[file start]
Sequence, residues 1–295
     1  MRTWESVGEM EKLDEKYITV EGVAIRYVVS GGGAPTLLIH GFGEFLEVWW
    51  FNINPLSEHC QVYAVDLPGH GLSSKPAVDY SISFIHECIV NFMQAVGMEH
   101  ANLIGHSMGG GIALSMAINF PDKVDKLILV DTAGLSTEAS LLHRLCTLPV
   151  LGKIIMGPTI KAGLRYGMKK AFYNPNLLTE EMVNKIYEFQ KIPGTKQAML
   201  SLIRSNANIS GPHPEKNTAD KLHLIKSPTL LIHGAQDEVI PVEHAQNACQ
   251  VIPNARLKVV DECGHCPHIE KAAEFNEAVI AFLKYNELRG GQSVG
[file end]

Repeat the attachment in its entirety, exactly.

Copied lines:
Sequence, residues 1–295
     1  MRTWESVGEM EKLDEKYITV EGVAIRYVVS GGGAPTLLIH GFGEFLEVWW
    51  FNINPLSEHC QVYAVDLPGH GLSSKPAVDY SISFIHECIV NFMQAVGMEH
   101  ANLIGHSMGG GIALSMAINF PDKVDKLILV DTAGLSTEAS LLHRLCTLPV
   151  LGKIIMGPTI KAGLRYGMKK AFYNPNLLTE EMVNKIYEFQ KIPGTKQAML
   201  SLIRSNANIS GPHPEKNTAD KLHLIKSPTL LIHGAQDEVI PVEHAQNACQ
   251  VIPNARLKVV DECGHCPHIE KAAEFNEAVI AFLKYNELRG GQSVG